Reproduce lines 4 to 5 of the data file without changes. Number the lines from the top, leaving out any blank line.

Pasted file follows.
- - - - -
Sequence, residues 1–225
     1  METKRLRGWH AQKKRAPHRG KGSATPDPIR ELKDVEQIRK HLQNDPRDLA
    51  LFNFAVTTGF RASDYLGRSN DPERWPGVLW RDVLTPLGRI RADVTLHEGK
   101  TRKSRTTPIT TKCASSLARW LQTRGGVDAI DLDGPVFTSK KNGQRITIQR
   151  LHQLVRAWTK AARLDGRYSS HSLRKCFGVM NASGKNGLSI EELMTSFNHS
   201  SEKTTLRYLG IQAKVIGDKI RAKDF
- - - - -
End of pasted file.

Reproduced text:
   101  TRKSRTTPIT TKCASSLARW LQTRGGVDAI DLDGPVFTSK KNGQRITIQR
   151  LHQLVRAWTK AARLDGRYSS HSLRKCFGVM NASGKNGLSI EELMTSFNHS